Celebrating both cats and rabbits

SPU student cultural clubs share Lunar New Year traditions

Micah Lim, Staff Writer

Korean Student Association members participate in an activity during a lunar New Years celebration. (Micah Lim)

The ball drops, people kiss and champagne bottles pop. These are the first few seconds of an American New Year’s Eve celebration. It follows the same Gregorian calendar Pope Gregory XIII first introduced in 1582. But in the non-western world, the new year is much different.

Lunar New Year is a holiday that follows the celestial path of the moon and the lunisolar calendar. In 2023, Lunar New Year took place on Jan. 22. 

At Seattle Pacific University, the Asian American Student Association, Vietnamese Student Association and Korean Student Association hosted events to represent and share the diverse customs of the Asian student body.

On Thursday, Jan. 19, the three clubs collaborated with Gwin Commons and SPU Dining Services to serve food highlighting the many Asian-American backgrounds of SPU’s campus. Richard Rahardja, the marketing coordinator for the dining hall, grew up in Indonesia and is of Chinese Indonesian descent.

“Back home when I was in Indonesia, we would always celebrate Lunar New Year, which is why the event we had this week meant a lot. I got to celebrate it with our greater SPU community in place of my family,” Rahardja said. 

Like in the U.S., families gather to enjoy food and spend time with each other. However, the ways people celebrate cannot be generalized. Each country and every family celebrates uniquely with their own traditions. 

“It was really important that we symbolized all of the pillars of the cuisines. So, in collaboration with AASA, VSA and KSA, we drew upon dishes that really resonated with home for these students,” Rahardja said. “A big part of Chinese tradition for me is to eat noodles because they symbolize long life and longevity, so we made a big effort to get a Chinese stir-fried noodle on the menu.”

It seems food, at a table surrounded by friends and family, brings people together. Countries such as China, North and South Korea, Malaysia, the Philippines, Indonesia, Singapore, Brunei and Vietnam eat specific foods that symbolize the coming of the new year. 

To keep in mind the many different traditions, AASA, VSA, and KSA hosted a joint event on Thursday, Feb. 2,  to play games and eat typical foods of the many represented backgrounds. 

Fourth year biochemistry major Vaughn Poon and president of AASA sought to help organize the event to include all students. 

“We’re able to celebrate the same celebration but with different names such as Tết in Vietnamese culture. By collaborating with the different clubs, we’re able to get different perspectives,” Vaughn said. 

In Vietnam, Lunar New Year is known as Tết. Third year interior design major Quynh Pham, president of VSA, shares that this year is a bit different than the others. 

“One of the biggest differences from the Chinese Lunar New Year is that Vietnam celebrates the year of the cat, not the rabbit this year,”  Pham said.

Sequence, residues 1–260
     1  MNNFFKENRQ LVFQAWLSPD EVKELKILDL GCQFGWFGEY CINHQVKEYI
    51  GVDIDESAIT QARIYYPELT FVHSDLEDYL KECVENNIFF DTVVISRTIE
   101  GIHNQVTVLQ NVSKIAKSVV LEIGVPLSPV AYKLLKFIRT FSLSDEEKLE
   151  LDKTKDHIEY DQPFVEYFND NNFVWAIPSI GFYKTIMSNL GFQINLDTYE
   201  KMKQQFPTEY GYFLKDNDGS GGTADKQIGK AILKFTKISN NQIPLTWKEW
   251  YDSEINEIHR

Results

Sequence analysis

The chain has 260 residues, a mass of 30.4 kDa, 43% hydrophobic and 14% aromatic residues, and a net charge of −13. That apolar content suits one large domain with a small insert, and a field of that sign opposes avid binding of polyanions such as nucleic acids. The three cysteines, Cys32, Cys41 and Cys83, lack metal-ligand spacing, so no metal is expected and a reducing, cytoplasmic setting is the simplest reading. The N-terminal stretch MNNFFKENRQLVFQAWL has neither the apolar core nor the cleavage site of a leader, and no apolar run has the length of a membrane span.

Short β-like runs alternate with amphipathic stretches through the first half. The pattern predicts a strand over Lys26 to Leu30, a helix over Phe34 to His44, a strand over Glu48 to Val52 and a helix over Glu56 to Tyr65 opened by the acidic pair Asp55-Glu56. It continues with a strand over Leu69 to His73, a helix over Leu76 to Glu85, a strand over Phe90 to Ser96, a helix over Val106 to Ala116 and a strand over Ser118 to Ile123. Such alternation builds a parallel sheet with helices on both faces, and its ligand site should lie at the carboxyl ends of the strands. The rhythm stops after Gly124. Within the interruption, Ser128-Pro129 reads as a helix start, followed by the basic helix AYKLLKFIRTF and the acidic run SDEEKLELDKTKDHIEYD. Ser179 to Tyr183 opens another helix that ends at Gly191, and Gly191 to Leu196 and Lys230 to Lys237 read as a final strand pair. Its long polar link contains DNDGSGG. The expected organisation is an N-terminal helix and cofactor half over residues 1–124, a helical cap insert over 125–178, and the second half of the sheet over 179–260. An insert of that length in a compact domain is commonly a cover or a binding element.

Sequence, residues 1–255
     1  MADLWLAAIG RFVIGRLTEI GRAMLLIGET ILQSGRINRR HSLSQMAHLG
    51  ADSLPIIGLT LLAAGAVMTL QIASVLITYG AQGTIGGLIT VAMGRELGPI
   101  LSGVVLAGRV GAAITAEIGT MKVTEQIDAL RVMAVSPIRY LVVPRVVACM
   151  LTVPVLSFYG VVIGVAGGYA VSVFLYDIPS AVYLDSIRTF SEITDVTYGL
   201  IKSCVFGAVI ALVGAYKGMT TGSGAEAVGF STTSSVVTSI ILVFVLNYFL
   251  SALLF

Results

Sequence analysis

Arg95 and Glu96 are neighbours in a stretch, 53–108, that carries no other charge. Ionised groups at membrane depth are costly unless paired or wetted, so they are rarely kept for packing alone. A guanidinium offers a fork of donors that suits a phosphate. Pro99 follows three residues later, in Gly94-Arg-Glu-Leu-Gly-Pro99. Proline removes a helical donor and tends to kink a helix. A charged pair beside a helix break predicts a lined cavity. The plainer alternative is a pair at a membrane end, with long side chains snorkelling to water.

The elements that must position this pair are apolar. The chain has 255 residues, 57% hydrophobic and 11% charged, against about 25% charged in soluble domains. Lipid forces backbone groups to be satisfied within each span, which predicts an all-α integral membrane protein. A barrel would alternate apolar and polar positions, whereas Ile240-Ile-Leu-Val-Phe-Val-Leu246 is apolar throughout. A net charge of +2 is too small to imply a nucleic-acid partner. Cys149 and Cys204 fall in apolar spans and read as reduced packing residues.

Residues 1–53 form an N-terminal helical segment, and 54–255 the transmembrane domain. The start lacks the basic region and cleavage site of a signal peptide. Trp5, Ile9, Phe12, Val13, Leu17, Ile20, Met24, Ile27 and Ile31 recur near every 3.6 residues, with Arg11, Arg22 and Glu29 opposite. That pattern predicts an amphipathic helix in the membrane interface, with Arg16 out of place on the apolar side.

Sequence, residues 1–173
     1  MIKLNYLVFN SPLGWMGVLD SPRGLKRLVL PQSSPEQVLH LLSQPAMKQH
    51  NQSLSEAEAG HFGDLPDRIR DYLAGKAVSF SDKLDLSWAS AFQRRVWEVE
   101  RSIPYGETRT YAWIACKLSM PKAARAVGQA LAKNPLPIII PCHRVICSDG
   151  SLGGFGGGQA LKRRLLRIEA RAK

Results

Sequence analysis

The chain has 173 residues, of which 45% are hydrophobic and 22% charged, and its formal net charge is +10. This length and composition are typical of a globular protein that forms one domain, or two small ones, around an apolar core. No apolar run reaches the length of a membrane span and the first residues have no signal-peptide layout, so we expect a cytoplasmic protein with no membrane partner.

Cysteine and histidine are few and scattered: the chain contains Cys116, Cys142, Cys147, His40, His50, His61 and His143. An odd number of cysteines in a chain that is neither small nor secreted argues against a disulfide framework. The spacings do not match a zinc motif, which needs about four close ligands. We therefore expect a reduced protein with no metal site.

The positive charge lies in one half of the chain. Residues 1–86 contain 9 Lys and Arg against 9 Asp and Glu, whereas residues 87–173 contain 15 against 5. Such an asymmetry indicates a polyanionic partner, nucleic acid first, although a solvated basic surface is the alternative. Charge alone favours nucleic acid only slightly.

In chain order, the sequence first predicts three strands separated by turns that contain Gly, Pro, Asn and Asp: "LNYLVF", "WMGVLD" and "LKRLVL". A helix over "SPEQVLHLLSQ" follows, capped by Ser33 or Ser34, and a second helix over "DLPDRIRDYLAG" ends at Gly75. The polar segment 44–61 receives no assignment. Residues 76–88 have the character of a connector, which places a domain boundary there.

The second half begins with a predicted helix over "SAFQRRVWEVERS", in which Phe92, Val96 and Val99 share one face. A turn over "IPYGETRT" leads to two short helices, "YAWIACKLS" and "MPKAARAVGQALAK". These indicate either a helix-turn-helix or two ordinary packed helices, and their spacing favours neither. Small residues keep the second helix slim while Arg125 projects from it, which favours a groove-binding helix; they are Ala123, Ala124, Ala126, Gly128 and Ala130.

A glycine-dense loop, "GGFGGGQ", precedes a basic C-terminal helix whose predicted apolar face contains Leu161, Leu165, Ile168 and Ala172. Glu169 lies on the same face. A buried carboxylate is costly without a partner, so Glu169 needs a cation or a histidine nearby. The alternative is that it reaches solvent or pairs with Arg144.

While Chinese cultures eat noodles on new years Korean cultures eat rice cakes. Second year applied science major David Lee explains the significance behind the difference. 

“There’s this food called sultteok, and it’s a rice cake mixed with Korean rice wine. The alcohol cooks away when it’s done,”  Lee said. “There’s also a rice cake soup called tteokguk. It’s traditional to eat it every new year. Rice cakes symbolize things like purity going into the next year.”

At the event, students played games like Vietnamese bầu cua tôm cá and Korean yunnori, eating Chinese White Rabbit candies and Korean ppeongtwigi rice crackers. Many of these items and activities are very personal to students, evoking feelings of nostalgia. 

“It’s always scary though because people might judge the culture as we’re sharing it,” Lee said. 

Many Asian American students share an all too similar childhood trauma: going to school with a packed lunch, sitting down at a table full of white Americans and the humiliation of eating something “different.”

So, to share traditions in food and games, while fun, is vulnerable. And no matter where, life is a constant exchange and mediation of backgrounds and beliefs. SPU’s clubs give small, very intimate glimpses into the lives of its students. 

“There’s a lot of cultures here, so if you reach out to our clubs, we also want to learn more about you too. We teach you about ours and you can teach us about yours,” Pham said. “Despite the fact that we’re all different, we also share a lot of similarities.”

Like American New Year’s, there are resolutions. By recognizing this year’s Lunar New Year celebration, not only are they looking to improve personally, but they are looking to become better and more understanding together. 

“Lunar New Year is really deeply rooted in tradition and usually depends on each and everyone’s families. It really displays putting your best foot forward as well as getting the time to spend with your family as well,”  Rahardja said.